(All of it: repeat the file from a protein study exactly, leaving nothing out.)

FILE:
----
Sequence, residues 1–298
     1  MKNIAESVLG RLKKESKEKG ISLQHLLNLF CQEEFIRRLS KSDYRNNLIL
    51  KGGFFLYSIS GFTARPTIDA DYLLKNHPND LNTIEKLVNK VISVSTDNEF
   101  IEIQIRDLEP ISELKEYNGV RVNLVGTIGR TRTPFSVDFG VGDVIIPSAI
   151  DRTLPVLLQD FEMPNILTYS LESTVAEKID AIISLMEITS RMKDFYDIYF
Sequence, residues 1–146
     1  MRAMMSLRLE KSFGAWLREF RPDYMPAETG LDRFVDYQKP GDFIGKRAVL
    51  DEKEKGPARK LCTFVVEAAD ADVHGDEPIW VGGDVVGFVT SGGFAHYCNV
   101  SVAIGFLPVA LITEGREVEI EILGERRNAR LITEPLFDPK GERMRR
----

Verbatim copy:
Sequence, residues 1–298
     1  MKNIAESVLG RLKKESKEKG ISLQHLLNLF CQEEFIRRLS KSDYRNNLIL
    51  KGGFFLYSIS GFTARPTIDA DYLLKNHPND LNTIEKLVNK VISVSTDNEF
   101  IEIQIRDLEP ISELKEYNGV RVNLVGTIGR TRTPFSVDFG VGDVIIPSAI
   151  DRTLPVLLQD FEMPNILTYS LESTVAEKID AIISLMEITS RMKDFYDIYF
Sequence, residues 1–146
     1  MRAMMSLRLE KSFGAWLREF RPDYMPAETG LDRFVDYQKP GDFIGKRAVL
    51  DEKEKGPARK LCTFVVEAAD ADVHGDEPIW VGGDVVGFVT SGGFAHYCNV
   101  SVAIGFLPVA LITEGREVEI EILGERRNAR LITEPLFDPK GERMRR